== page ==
Nisa-Today’s has been capturing headlines - for all the wrong reasons. Chairman Dudley Ramsden tells it as it is to Julian Hunt

The clouds rolling down the side of the mountains that cradle Monte Carlo could have been a portent of things to come. It was the opening day of the annual conference for the retail arm of Nisa-Today’s. And as delegates prepared for the business ahead, the main subject of debate was the explosive contents of the letter from Somerfield’s John von Spreckelsen to Nisa-Today’s chairman Dudley Ramsden that had been leaked to the press.
Clearly, the timing of the leak was no coincidence, coming as it did the day before the Nisa conference was due to start. As The Grocer reported last week, the letter was actually sent by von Spreckelsen, a non-exec director of Nisa-Today’s, in July. But it raised a host of issues about corporate governance in the group and revealed that talks had been held with The Co-operative Group about a possible takevover.
It also followed a summer of discontent for Nisa-Today’s. First there were the rows in the group’s wholesale division over subscription rates, then the public debate about Ramsden’s salary, which was in turn followed by supplier concerns over being asked to support the group’s new NDC in Scunthorpe with extended credit for dual stocking as it geared up to open the facility.
If he’s weary of all the recent debate, Ramsden hides it well. He says only: “There’s been a lot of mischief-making - probably from outside the group.”
So what about the reports that wholesalers were thinking of leaving the business in a row over subscription rates?
“It was much ado about nothing,” says Ramsden. “We have 350 wholesalers and about half a dozen or so complained about subscriptions. But subscriptions are an emotive issue and rightly so. It’s all been resolved and it was resolved as quickly as it started. Wholesalers understand that the
wholesale arm can’t be subsidised any more by retailers and we are going forward again.”
He adds: “I am sure our competitors look at us with envy. We are the biggest and best in the sector and I am sure our members, if you asked them, would say they are satisfied with the services we provide everybody.”
After 29 years running the same business, you inevitably create as many enemies as friends. That may explain why some of the attacks have got so personal, particularly over Ramsden’s £400k annual salary and allegations about payments should any bid be made by the Co-operative Group.
Ramsden says: “When we renegotiated my long-term contract three years ago, which does not expire until I am 65, the plan was that I would do a lot fewer hours and take a 75% cut in salary [from £800k to £200k]. But times have changed. I’m doing far more work and far more hours than we envisaged, so the board felt that a 75% reduction was too harsh,” he explains.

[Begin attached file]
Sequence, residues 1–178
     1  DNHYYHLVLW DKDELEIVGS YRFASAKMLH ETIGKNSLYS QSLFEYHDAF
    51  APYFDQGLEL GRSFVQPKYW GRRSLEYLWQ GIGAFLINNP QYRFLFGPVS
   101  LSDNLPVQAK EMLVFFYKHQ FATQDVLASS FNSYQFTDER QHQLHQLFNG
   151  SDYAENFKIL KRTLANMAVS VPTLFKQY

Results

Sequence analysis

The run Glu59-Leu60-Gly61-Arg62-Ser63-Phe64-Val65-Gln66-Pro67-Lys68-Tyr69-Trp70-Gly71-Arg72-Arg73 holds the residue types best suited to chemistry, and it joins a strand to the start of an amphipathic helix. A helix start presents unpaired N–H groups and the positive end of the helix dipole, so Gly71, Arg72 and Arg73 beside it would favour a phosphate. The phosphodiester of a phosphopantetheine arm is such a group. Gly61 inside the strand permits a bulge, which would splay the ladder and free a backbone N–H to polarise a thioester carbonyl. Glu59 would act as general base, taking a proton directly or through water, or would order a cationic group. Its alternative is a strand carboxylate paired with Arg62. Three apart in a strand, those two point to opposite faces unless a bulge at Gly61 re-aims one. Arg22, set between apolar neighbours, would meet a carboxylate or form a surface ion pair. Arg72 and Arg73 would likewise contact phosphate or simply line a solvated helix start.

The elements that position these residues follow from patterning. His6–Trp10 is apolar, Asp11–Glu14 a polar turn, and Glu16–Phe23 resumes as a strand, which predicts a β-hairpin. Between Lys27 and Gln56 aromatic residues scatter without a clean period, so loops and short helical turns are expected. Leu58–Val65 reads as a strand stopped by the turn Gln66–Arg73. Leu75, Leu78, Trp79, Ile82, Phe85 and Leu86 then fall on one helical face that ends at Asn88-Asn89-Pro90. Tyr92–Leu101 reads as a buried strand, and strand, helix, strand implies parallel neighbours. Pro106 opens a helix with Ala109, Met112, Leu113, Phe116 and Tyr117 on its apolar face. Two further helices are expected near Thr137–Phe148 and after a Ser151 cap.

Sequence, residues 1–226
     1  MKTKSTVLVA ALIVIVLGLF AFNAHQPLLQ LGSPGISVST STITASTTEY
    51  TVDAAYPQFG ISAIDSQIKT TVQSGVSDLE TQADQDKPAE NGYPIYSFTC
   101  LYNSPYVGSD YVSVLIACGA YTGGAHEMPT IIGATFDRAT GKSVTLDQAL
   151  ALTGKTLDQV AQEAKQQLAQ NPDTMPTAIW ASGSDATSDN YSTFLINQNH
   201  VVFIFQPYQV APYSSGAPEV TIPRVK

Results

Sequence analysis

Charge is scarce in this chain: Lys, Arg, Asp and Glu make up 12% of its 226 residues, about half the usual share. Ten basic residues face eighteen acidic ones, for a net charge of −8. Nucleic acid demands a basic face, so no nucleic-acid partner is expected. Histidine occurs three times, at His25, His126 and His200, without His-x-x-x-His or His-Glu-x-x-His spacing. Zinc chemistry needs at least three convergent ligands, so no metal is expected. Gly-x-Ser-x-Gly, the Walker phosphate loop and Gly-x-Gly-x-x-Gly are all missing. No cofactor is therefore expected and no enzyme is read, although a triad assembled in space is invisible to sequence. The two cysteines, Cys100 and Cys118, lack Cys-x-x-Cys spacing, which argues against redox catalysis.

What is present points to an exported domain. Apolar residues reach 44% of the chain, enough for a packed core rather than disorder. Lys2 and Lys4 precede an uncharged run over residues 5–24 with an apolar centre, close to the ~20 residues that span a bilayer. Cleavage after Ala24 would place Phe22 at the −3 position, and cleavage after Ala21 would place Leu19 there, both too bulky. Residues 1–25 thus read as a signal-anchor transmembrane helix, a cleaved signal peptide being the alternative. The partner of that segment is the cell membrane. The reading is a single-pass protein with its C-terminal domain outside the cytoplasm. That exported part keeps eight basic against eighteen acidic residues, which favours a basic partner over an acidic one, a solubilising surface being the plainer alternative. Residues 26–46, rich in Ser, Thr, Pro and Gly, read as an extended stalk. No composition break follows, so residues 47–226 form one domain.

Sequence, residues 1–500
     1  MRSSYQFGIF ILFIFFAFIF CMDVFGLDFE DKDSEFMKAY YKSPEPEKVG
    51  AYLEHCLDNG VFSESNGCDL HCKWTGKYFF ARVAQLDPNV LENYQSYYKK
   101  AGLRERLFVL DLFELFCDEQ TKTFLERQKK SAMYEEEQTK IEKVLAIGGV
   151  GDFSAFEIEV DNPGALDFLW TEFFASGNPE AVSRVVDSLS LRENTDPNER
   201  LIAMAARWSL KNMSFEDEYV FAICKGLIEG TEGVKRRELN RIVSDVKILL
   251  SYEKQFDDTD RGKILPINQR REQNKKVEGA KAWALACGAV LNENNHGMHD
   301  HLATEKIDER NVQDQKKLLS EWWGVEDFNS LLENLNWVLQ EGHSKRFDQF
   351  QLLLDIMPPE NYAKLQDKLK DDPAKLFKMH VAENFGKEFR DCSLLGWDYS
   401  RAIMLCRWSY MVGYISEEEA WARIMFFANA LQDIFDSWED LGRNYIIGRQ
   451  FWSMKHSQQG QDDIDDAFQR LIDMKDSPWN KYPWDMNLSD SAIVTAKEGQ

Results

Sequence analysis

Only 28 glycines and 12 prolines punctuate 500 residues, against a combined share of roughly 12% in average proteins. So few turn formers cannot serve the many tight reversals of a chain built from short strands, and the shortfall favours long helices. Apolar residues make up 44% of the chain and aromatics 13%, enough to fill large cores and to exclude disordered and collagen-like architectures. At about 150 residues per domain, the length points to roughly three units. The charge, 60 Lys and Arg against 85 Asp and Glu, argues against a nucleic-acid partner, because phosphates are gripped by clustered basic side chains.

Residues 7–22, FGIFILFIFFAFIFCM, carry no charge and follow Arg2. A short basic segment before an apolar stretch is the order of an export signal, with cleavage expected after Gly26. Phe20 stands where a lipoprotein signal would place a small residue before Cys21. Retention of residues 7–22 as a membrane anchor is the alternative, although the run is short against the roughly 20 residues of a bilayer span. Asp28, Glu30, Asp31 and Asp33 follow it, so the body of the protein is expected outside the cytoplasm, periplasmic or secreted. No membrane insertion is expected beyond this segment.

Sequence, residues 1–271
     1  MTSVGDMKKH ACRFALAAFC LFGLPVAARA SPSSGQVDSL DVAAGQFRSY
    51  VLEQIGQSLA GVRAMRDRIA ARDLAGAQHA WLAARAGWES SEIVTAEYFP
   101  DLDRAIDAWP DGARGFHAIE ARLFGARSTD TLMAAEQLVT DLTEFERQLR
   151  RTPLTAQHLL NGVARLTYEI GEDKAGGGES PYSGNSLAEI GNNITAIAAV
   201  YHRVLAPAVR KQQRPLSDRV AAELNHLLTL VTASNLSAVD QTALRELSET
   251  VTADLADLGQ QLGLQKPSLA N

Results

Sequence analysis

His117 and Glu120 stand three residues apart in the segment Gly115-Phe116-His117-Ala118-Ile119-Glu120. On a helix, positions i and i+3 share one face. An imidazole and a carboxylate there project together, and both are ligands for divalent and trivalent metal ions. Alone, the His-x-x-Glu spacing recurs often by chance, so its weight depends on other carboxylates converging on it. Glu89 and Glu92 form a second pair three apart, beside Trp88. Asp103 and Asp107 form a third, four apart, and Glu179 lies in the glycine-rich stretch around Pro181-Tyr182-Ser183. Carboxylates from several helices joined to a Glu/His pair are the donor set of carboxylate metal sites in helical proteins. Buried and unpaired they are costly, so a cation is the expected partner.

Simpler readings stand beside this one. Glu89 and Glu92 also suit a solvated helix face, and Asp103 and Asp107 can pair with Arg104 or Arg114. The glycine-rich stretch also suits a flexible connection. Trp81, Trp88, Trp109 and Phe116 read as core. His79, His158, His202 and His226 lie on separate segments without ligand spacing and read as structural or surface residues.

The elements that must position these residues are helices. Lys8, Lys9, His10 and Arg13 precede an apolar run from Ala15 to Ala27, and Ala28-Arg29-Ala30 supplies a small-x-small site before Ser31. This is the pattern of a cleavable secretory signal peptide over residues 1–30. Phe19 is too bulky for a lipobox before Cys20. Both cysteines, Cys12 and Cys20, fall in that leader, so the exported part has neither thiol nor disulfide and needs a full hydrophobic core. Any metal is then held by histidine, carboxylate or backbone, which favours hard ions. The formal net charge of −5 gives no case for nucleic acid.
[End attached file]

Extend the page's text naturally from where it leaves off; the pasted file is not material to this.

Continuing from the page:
But what about possible payments from any Co-op bid? Ramsden says simply: “There was never any discussion about what executives would get.”
As for the letter from von Spreckelsen, Ramsden says: “It’s history.”
Many of the issues it contains were discussed at a recent board meeting, he says, and Nisa-Today’s was already taking steps to improve its corporate governance. He adds: “That’s why it was a surprise that somebody should be disloyal and circulate a private letter to coincide with the first day of the Nisa conference.”
Ramsden accepts the biggest bombshell in that letter was the revelation that informal talks had been held with The Co-operative Group. He says: “The main converation topic at conference is The Co-operative Group supposedly making a bid. I think they were serious. A company of their size and integrity had to be serious when having preliminary discussions. But both parties agreed not to take it any further after these discussions.”
Clearly there was a plenty to discuss in the bars and corridors of the conference hotel the night before the event began. That made for a tricky start for Ramsden and his Nisa colleagues. But they handled it well. And delegates pretty quickly forgot about the mist that had been threatening to swirl around the conference, focusing instead on the more pressing issue of how they can continue taking on the 800lb supermarket gorillas in their midst.
First, there was a frank admission: communication with suppliers could have been better over the support being sought by Nisa-Today’s as it prepares for the opening of its NDC.
But the message from group managing director John Schofield was clear: the group isn’t asking for much when you consider the huge benefits that suppliers will enjoy once the facility is up and running.
Retailers, too, were reminded that they needed to continue supporting the central facilities offered by Nisa. Loyalty and discipline would drive the volumes that were needed to get the best prices from suppliers. With that in mind, Nisa launched its New Era trading terms at the conference to reward its most loyal retailers with an extra 1.5% quarterly rebate.
Delegates heard about a raft of other initiatives and developments under way in the business, from new IT solutions that will make life easier for retailers to new product ranges to the way the group is growing volumes and membership.
It was all positive stuff and well received by the audience. As delegates filed out of the conference room for lunch on that that first day of business you couldn’t help noticing that the sun had broken through while the clouds had lifted over the Alps. And so had pretty much everybody’s mood.